3 Good Mind Games People Play: Games People Play – Part II

Games people play
Games people play, you take it or you leave it….Things that they say, honor brite…
/ May 8, 2015

This is part II of 9 Ways People Mindf**k with Others: Games People Play – Part I

Continuing our introduction to Transactional Analysis, let’s now talk about the “good games” people play. We usually think of mind games in a negative light. Usually there is a hidden element of exploitation in the game.

But, people also play “good games” – games in which the social good outweighs the selfish motivations. For psychologists, it is not easy to look for and to investigate good games in social transactions. Moreover, it is further complicated by the fact that in conversations with psychologists, people rarely cite the “good games” played by them or being played on them. Dr. Eric Berne in Transactional Analysis theory has done his bit of work on identifying and examining a few good games.

1. Happy to Help

Your company is organizing a charity run to raise money for a cause, say Haiti earthquake relief. You are excited to participate in it. Days in advance, you start preparing for the run. After all, it’s such a benevolent thing you and your company are doing. No doubt it is going to help the victims of the earthquake.

But, there is a game of self-interest being played. By donating money to the charity, the company is getting positive publicity, and building a good image and reputation in the community. In some cases, depending on the type of organization and the laws, there are also tax benefits to the company.

And, by running, you are getting a good workout and a new profile picture for your Facebook. If you donated any money, you might also deduct the contributions to lower your tax bill.

Everyone is benefiting from the game, and no one is getting hurt — so, it’s all good. The ulterior motive of self-interests is secondary to the primary motive of doing something good for a cause. Everyone is playing from Adult ego states and there are no crossed transactions.

Payoff: gratification that comes from doing something good; development and preservation of a good image.

2. Cavalier

You might have noticed that some older men flirt very skillfully. It appears that some of them have mastered the art of flattery with women. And it could be that all their young life, they were horrible with women.

However, this time around, the man doesn’t want to take the lady home. He also knows that it is the least likely outcome even if he wanted to. He is flirting with the women not to seduce her, but to exhibit his finesse in the art of flattery. He enjoys the satisfaction of pleasing a woman without his advances being rejected – it is a primordial desire of a man to please women and avoid their rejection.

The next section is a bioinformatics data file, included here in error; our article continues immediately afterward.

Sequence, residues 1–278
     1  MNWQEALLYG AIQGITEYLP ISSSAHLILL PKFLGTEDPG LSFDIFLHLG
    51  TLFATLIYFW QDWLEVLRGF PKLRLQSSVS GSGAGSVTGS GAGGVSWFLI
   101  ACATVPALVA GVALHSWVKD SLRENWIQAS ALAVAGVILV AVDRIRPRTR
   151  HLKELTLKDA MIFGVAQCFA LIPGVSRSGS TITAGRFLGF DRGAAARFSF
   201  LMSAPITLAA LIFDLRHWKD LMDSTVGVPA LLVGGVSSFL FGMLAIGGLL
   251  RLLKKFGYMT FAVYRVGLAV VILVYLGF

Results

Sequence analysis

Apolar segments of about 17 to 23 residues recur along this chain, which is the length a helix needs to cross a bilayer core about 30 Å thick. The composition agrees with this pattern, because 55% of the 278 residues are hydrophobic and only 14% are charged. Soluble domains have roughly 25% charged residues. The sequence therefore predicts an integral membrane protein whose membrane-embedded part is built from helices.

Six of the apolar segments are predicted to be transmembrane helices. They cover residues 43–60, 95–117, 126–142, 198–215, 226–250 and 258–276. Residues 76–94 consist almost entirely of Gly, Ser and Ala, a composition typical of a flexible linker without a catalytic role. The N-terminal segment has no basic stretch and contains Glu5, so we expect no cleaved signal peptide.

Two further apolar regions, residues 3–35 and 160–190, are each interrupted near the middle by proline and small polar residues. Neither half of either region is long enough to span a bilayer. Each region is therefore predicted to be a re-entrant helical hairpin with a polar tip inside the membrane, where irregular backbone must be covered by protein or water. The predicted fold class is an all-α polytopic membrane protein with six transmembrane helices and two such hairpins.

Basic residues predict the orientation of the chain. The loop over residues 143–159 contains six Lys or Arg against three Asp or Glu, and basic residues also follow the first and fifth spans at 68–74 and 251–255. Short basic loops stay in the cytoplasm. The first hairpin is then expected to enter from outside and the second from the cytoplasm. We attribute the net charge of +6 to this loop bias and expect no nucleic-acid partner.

The woman on the other hand doesn’t perceive the man as a “threat” and responds appreciatively to the man’s deeds. This gives a solid ego-boost to the man since he is getting appreciation from a woman, who in his mind is a qualified critic. The woman on the other hand feels good because she is receiving compliments on her attributes. The expectations are set from both sides, and both are playing from Adult ego states.

Payoff for the man: avoidance of rejection; acceptance of creativity and advances

Payoff for the woman: ego-boost though reassurance of attractiveness

3. They’ll be glad they knew me

It is the opposite of “I’ll show them” game in which a person waits for kill billthe moment when s/he could inflict damage to those who didn’t treat him or her right. For example, Jimmy is working long hours and doing everything he can so he could get promoted.
He wants to get promoted not because of his career ambitions, but only so that he can be in a position to boss around his co-workers who make fun of him.

“They’ll be glad they knew me” is the constructive counterpart of “I’ll show them” game. In this game, Jimmy is being treated with respect and dignity from his peers. He then works really hard to get promoted, not to get back at his former associates, but to assure them that they didn’t make any mistake by treating him well. His career ambitions and accomplishments are secondary to his primary motive of not letting them down, and of proving that their judgment was right.

In both games “I’ll show them,” and “They’ll be glad they knew me,” Jimmy is more interested in the effects of the success, than in the success itself. Everyone is playing from their Adult ego states.

As you might have guessed, there are fewer good games than bad games. You would have also noticed that good games are simple transactions where each party is playing the game form an ego state that complements the other. An awareness of these good and bad games informs us of human psychology and primes our brain to spot certain human behavior.

We are the most advanced and the most complicated creatures on the planet. We can speak, we can think, we can feel, we can build computers, yet, the games we play…